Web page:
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Drones Can Offer A Smart Point of View


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Improving safety and efficiency on projects is an important consideration for any construction company, and to that end, some are turning to unmanned aerial aircraft to take on all manner of tasks.

The data collected by drone is typically stored in the cloud, which then is turned into usable maps and models by human operators on the ground. 

You may have already seen an unmanned aerial aircraft buzzing around a jobsite. The range of uses for these zippy little remote-controlled vehicles in construction are vast, and at a relatively low cost of entry. Of course they can be used to photograph projects underway to monitor progress, keep track of equipment locations, more efficiently deploy on-site resources and inspect difficult-to-reach projects like bridges or high-rise buildings for quality control. But that’s just the beginning.

The data collected by drone is typically stored in the cloud, which then is turned into usable maps and models by human operators on the ground. 

Drones can be equipped with 3D mapping sensors that, using lasers, collect data at any stage of a construction project. Using software, that data can be turned into highly detailed 3D structural models, volumetric measurements and even topographical maps. And it can be done much faster, safer and with greater accuracy than their earthbound human counterparts.

The data collected by drones is typically stored in the cloud, which then is turned into usable maps and models by human operators on the ground. The linchpin to turning this advanced data collection is the software, and many companies are emerging to offer their own versions to construction companies looking to incorporate drones into their roster of workers.

The data collected by drones is typically stored in the cloud, which then is turned into usable maps and models by human operators on the ground.

Moreover, using drones to monitor ongoing projects is a way project managers can ensure the job is being done on time and on budget, without requiring daily visits back and forth between job sites. Drone technology enables a much more granular look at progress on the ground, ensuring resources are being properly distributed, taking note of potential problems and mitigating them before they start. Since time is money with construction projects, the faster an issue can be discovered, the better.

That’s where cloud-based construction management tools like Procore and DroneDeploy come in. With project management software powered by drone insights, it’s possible to view your job site in a whole new way. And ultimately, provide you with the information and communication tools required to keep  projects running on schedule and budget. 

Here are three ways you can put this technology to work on your next project: 

1. Site Planning and Design 

Drones shorten the time it takes to conduct site surveys, so you can place bids fast, and accelerate the planning and design process with highly accurate drone-generated maps and 3D models. You can even overlay drone maps with site plans such as utility, wastewater, and equipment clearances. For more advanced oversight and planning, export drone maps into BIM, GIS and CAD software.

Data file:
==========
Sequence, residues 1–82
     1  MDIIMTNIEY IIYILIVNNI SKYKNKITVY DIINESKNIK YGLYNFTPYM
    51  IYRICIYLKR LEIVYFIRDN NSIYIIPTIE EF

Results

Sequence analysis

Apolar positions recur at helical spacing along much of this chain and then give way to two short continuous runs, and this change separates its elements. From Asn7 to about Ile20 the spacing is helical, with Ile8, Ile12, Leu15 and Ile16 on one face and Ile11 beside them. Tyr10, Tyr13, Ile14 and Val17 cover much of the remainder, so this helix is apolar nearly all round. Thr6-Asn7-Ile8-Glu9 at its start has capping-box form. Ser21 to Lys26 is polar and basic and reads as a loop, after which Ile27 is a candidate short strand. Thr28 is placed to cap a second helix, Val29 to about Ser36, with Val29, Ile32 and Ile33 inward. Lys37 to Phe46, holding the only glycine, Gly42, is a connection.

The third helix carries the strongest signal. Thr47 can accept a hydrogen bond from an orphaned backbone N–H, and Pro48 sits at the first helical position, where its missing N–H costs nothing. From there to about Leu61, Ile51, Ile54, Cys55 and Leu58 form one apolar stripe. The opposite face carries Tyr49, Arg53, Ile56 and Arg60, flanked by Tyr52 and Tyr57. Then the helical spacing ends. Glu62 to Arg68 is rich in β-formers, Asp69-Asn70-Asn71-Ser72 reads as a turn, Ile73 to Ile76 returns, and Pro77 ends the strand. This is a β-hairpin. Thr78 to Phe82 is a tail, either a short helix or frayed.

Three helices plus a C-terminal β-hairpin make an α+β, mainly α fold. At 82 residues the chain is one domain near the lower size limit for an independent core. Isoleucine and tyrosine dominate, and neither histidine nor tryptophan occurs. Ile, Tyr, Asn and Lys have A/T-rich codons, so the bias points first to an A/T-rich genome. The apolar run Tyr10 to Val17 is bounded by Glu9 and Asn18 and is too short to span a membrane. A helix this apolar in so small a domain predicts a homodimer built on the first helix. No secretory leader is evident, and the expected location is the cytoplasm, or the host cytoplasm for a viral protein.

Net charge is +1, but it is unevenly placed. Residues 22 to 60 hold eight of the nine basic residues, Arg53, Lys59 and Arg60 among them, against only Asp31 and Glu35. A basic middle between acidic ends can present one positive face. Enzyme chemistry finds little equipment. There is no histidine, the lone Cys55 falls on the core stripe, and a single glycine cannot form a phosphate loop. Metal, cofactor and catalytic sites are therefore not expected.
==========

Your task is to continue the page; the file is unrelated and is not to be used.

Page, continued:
2. Progress Tracking and Reporting 

Weekly drone maps reduce the amount of time spent walking a site to monitor, track progress, and inspect for safety issues. It’s also easy to repeat flights each week for consistency and create a comprehensive visual record of a project. Your team can also leverage built-in analyses tools to generate progress reports for internal and external stakeholders, or compare real-time site conditions against plans—so you can catch deviations before they add weeks to your timeline. Each map can be exported to your Procore project album, so your entire team can be kept up-to-date on any changes to the job site. 

3. Real-Time Communication and Collaboration

Drones simplify communication and information sharing, both internally and externally. Aerial imagery keeps entire teams aligned and informed with up-to-date, easily digestible visual data. Since DroneDeploy is cloud-based it’s easy to share annotated maps between team members in real time from the field, or keep external stakeholders up-to-speed on the progress of a project through share links and interactive 3D models of a job site. By communicating in real time, with the latest information from the job site, you can shave days—or even weeks—off your timeline, and avoid added costs associated with paper-based documentation and communication. 

To learn more about integrating drone data into your project management workflow, sign up for the June 28 webinar Managing Construction Projects with Drone Data. Attendees can expect to get an in-depth look at how they can capture aerial data, generate high-resolution photos, maps, and 3D models with DroneDeploy, and sync data to their Procore project album for streamlined communication and project management. 

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